It’s interesting to see some of the other new and changing professions of residents on my street, 110 years ago:
Thomas Wilson, engineer, #8
James Culleton, baker, 12
Henry Moore, bicycle repairer, 14
Deni Coffee, pensioner of H.M. Service, 30
John Coffee, plumber, 30
Thomas Collingwood, accountant, 48
William Collingwood, storekeeper, 48
William Fitzgerald, storekeeper, 49
Michael Cahill, labourer, 50
Peter Cahill, wheelwright, 50
George Button, car man, 54
Daniel Curtin, clerk, 56
Mary Devereaux, widow, 81
John Geary, cooper, 95
Robert Duff, clerk, 107

The 1904-05 Directory for Newfoundland can be found here. Some interesting occupations of residents of our street include:
Philip Hanely painter, 5
Alexander Forward, Engineer, 6
John Donnelly, sea capitain, 14
Charles Gear, H.M.C., 24
Francis Knight, H.M.C., 26
John Martin sail maker, 28
Miss Mary Martin, clerk, 28
George Hennebury cooper, 30
Maurice Hallern, carpenter, 46
David Kinsella, miner and prospector , 50
Catherine Coffee, grocer, 52
Miss Annie English Prop. Terra Nova Hand Laundry (w/ ad), 75
Mr. Cahill, wheelwright, 77
John French, teacher, 81
William March, joiner, 83
John Grace, storekeeper City Works, 85
Joh Hillyard teacher, 107

Pretty cool: in 1904, John Grace was still living in our house: he had upgraded from his 1885 occupation as city time keeper, to storekeeper for City Works.

I love this ad for Terra Nova Hand Laundry, on our street:

The 1908-09 Directory for Newfoundland can be found here. It seems that Mr. John Grace is still the occupant of our house, but he’s now a Sanitary Department watchman!

Lastly, the 1915 city Directory for St. John’s is available here. John Grace is not listed in the directory, and two new residents appear to be living in our house:

Mr. Power:

…and Mr. Green:

Another great ad for a store on our street

If the McAlpine Directories help you to flesh out the story of your house, leave a comment!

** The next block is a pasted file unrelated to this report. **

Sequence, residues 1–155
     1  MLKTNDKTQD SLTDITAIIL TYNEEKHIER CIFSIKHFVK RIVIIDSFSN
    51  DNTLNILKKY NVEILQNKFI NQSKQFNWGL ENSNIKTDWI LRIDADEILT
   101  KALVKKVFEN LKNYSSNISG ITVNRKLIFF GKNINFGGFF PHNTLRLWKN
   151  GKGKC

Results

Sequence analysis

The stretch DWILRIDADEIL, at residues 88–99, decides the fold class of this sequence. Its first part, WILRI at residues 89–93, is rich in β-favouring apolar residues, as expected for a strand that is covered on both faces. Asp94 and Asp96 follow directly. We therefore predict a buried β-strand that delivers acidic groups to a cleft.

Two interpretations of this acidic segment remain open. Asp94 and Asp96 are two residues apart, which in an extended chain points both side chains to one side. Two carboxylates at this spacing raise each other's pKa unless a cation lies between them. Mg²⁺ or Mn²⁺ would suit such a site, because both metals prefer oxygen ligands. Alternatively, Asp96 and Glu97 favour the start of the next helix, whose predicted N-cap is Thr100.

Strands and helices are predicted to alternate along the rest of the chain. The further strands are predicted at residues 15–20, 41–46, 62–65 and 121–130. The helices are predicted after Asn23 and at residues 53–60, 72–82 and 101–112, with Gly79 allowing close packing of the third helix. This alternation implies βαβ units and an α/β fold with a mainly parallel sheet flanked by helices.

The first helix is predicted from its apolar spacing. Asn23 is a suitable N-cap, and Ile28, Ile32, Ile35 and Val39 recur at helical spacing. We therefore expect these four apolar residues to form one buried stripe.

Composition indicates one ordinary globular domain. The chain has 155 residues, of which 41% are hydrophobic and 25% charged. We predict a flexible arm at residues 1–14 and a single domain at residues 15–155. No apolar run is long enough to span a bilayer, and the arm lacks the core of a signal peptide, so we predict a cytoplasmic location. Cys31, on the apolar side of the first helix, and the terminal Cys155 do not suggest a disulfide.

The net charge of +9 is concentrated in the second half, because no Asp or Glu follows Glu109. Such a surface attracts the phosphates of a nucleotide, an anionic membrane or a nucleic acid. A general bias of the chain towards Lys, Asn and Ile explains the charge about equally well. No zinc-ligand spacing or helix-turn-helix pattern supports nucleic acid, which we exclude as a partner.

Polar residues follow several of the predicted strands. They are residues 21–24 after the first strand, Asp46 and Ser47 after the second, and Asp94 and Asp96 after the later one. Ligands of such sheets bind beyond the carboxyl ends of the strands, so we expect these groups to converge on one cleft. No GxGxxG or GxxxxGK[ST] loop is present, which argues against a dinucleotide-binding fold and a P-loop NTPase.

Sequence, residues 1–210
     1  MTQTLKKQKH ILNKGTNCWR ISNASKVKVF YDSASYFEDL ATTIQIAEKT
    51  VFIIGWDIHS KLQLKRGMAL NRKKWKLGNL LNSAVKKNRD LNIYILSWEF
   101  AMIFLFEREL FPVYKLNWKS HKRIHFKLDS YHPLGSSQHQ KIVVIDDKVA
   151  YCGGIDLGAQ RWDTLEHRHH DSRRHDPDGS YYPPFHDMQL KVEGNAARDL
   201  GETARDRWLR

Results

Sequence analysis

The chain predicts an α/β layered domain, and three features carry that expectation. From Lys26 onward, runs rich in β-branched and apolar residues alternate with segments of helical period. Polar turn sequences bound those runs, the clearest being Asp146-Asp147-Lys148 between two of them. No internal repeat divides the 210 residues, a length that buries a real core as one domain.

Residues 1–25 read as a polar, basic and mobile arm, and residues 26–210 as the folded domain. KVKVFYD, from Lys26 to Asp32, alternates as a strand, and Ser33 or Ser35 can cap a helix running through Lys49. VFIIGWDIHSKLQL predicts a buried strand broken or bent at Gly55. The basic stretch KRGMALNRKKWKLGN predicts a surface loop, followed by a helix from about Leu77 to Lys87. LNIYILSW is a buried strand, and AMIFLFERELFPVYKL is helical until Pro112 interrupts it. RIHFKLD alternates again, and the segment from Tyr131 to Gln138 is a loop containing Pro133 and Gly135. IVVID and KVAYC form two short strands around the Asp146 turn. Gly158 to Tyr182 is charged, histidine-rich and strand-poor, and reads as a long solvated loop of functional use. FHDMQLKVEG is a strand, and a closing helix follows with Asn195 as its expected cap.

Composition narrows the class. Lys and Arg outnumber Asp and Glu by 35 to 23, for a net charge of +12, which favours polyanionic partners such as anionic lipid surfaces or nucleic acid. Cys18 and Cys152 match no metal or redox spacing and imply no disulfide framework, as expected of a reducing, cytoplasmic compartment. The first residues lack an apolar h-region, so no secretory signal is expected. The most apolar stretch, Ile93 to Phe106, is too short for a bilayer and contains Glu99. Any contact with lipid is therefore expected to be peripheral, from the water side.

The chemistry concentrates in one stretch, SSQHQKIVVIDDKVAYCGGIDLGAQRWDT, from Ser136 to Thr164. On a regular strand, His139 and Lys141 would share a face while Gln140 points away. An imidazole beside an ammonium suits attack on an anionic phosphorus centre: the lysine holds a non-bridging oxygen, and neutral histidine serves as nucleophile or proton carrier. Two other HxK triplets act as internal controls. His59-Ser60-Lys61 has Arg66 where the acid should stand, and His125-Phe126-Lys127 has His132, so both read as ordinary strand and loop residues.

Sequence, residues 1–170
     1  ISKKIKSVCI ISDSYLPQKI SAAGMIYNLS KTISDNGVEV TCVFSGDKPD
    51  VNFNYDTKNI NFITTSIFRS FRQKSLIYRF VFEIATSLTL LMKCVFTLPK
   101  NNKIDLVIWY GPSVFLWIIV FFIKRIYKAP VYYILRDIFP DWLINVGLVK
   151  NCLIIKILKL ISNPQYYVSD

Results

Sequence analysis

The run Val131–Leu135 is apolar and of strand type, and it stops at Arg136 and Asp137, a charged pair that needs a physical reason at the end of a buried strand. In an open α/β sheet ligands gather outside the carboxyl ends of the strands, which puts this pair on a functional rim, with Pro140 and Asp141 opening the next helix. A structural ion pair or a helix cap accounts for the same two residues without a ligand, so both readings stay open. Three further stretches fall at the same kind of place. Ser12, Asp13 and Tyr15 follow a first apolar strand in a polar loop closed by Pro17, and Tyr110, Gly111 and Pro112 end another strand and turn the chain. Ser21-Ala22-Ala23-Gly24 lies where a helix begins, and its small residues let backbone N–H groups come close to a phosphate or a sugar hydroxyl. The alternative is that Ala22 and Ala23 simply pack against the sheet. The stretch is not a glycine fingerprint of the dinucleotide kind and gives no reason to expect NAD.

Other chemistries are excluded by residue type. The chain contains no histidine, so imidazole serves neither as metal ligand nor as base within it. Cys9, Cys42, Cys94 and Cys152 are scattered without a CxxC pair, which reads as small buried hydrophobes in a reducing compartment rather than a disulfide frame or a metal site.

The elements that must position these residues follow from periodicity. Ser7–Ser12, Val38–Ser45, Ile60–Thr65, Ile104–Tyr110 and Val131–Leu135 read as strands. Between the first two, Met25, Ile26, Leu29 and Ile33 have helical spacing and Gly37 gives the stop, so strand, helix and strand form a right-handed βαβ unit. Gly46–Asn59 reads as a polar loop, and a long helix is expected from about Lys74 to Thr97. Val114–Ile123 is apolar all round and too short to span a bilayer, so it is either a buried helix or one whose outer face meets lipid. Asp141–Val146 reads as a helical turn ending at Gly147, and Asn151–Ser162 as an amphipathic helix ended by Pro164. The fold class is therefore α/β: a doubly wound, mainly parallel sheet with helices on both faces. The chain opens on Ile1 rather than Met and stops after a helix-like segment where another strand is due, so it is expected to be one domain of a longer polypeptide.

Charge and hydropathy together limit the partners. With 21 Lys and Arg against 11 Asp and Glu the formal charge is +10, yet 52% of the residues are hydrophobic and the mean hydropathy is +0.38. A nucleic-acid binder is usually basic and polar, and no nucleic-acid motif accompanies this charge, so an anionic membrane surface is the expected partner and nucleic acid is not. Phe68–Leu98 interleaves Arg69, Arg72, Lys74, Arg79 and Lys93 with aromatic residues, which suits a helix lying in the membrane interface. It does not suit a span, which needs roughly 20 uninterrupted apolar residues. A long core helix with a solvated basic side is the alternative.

*The earlier Hutchinson’s Newfoundland Directory for 1864-65 is available here. This directory is much more business oriented than the later McAlpine Directories, and far fewer individuals are counted in its survey. Nevertheless, it is a good resource for historic research.

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Foggy Easter Weekend

Classic Newfoundland fog impeded our iceberg hunt this morning, searching for these:

Via Iceberg Finder.

We managed to spot a small berg from Middle Cove Beach, and had an eerie walk through the foggy coastal pasture in Flat Rock.

The Battery.

Fishing boats in port under seagull attack.

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Calm before the storm

The sun is setting over St. John’s, and the next time we see daylight the city will be blanketed in snow. Here’s a few snaps taken from the third floor:

Headlights at Signal Hill

Cabot Tower, houses in the Upper Battery, woodsmoke wafting

Signal Hill trails, and houses in the Lower Battery

The Narrows, jellybean row houses, and the flag

Red, Right, Return!

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The Basement

What better time of year to show off the creepiest part of our home!

I grew up in a new house, with a finished basement, containing a family room, play room, storage room and half bath/laundry. Despite being the first family to live there, I allowed my superb imagination to convince me of horrific monsters and terrifying ghosts that lived in the carpeted basement. I managed to survive childhood without any interference from metaphysical malevolence, and I’ve lived in some creepy old places, without incident, before finally moving to this house, and seeing a truly scary basement. While I can’t rationalize otherworldly beliefs, I can still spook the shit out of myself on a regular basis.

The door is very, very old. While we can't say for sure, it wouldn't surprise us it's original to the house. Modern modifications include a ventilation grate and an insane amount of hooks.

Our basement is creepy. It’s the original earthen floor surface, with the last owner laying down carpet samples and plastic sheeting. Gaaaah. I don’t want to guess at what lies beneath the wood panel walls he put up. The space is about 12 feet long, 18 feet wide, and 5’5 in the tallest spots (I’m 5’4, conveniently). We use the area for storage of our least valuable items, sealed in Rubbermaid containers. It’s also a great spot to stick off-season outdoor planters and yard items. Ready to see?

The cool turned wood knob on the basement door.

The way down...

At the bottom of the stairs, dirt! How many people can find 19th century artifacts by descending their stairs?! I've found lots of pipe stems, ceramic and glass, and bricks.

Boring to 96% of people, but the 120+ year old joins of the joists and beams are a work of art.

The best bottle we've found. Someone was keeping their stash down here, unsurprisingly.

No clue.

Not sure what this is either; any guesses?